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Manual for the surveillance of vaccine-preventable diseases. Chapter 19: Enhanced surveillance
  • Published Date:
    Dec 2011
  • Language:
    English
Filetype[PDF - 305.91 KB]


Details:
  • Personal Authors:
  • Corporate Authors:
    National Center for Immunization and Respiratory Diseases (U.S.)
  • Description:
    Chapter 19 of: Manual for the surveillance of vaccine-preventable diseases. 5th edition, 2011.

    Surveillance activities are critical to detecting vaccine-preventable diseases and gaining information to help control or address a problem. However, complete and accurate reporting of cases is dependent on many factors, such as reporting source, timeliness of investigation, and completeness of data. In addition, various methods for conducting surveillance are used to collect information, depending on disease incidence, specificity of clinical presentation, available laboratory testing, control strategies, public health goals, and stage of vaccination program. For vaccine-preventable diseases, passive surveillance is the most common method, although active surveillance may be needed in special surveillance situations. Active surveillance is often short-term and usually requires more funding than passive surveillance.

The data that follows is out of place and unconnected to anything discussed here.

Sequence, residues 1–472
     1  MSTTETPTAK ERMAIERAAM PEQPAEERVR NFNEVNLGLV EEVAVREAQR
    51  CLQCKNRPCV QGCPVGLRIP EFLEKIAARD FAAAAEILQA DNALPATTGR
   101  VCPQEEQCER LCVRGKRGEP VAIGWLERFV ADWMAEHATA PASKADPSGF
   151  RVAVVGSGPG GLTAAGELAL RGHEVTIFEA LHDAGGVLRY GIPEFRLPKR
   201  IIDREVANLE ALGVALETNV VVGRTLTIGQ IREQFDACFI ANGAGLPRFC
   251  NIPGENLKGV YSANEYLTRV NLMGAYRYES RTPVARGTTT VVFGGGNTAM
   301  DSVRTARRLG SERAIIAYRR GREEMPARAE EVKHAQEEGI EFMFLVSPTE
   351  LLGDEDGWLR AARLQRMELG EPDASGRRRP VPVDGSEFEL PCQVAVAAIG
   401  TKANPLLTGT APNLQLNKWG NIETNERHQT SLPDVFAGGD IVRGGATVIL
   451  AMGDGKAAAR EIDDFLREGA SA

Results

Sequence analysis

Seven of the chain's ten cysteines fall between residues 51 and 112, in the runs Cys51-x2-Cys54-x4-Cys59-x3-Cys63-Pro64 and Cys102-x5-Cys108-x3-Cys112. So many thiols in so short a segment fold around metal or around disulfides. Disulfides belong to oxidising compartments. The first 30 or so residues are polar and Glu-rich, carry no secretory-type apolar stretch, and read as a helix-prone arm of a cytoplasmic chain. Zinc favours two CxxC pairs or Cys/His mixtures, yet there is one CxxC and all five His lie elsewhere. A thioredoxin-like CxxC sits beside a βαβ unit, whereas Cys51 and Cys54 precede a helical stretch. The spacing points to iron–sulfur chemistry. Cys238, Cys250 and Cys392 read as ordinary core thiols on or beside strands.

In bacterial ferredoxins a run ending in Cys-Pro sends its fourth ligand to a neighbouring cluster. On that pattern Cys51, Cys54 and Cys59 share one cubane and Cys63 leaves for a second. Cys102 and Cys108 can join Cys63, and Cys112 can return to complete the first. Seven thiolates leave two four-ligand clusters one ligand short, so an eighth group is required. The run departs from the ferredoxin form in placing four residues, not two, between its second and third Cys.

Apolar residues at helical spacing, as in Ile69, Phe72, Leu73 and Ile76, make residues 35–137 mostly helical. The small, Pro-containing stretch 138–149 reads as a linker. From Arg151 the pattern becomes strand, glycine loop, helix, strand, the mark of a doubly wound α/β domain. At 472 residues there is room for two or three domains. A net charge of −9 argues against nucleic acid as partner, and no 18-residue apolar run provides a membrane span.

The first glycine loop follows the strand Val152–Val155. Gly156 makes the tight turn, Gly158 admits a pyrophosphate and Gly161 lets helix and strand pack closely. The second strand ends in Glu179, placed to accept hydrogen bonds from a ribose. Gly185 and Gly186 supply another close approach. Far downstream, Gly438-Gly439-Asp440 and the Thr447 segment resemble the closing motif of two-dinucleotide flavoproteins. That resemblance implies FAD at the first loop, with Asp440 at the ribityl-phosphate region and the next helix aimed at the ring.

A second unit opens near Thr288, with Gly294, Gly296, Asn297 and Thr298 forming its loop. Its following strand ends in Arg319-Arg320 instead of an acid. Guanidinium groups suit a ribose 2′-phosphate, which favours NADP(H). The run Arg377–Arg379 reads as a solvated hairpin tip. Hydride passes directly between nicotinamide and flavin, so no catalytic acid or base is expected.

Common systems used for disease surveillance include national notifiable disease reporting; physician, hospital, or laboratory-based surveillance, population-based surveillance. Sentinel surveillance involves a limited number of recruited participants, such as healthcare providers or hospitals, that report specified health events that may be generalizable to the whole population.

    The National Notifiable Diseases Surveillance System (NNDSS) is the passive surveillance system that includes all the diseases and conditions under national surveillance. Efforts are being made to integrate and enhance the surveillance systems for national notifiable diseases. A collaborative effort between CDC and state and local health departments is in progress to enhance surveillance system capabilities with the implementation of the National Electronic Disease Surveillance System (NEDSS). NEDSS will eventually replace the National Electronic Telecommunications System for Surveillance (NETSS) and will become the electronic system used to report national notifiable diseases and conditions in the United States and territories.

    Enhancing the surveillance system is only one part of improving surveillance data; data for notifiable diseases are still dependent on reporting, timeliness and completeness. This chapter outlines activities that may be useful at the state and local level to improve reporting for vaccine-preventable diseases. Some are more routinely used (encouraging provider reporting), while others, such as searching laboratory or hospital records, may be more helpful under certain circumstances.

    chpt19-enhancing-surv.pdf

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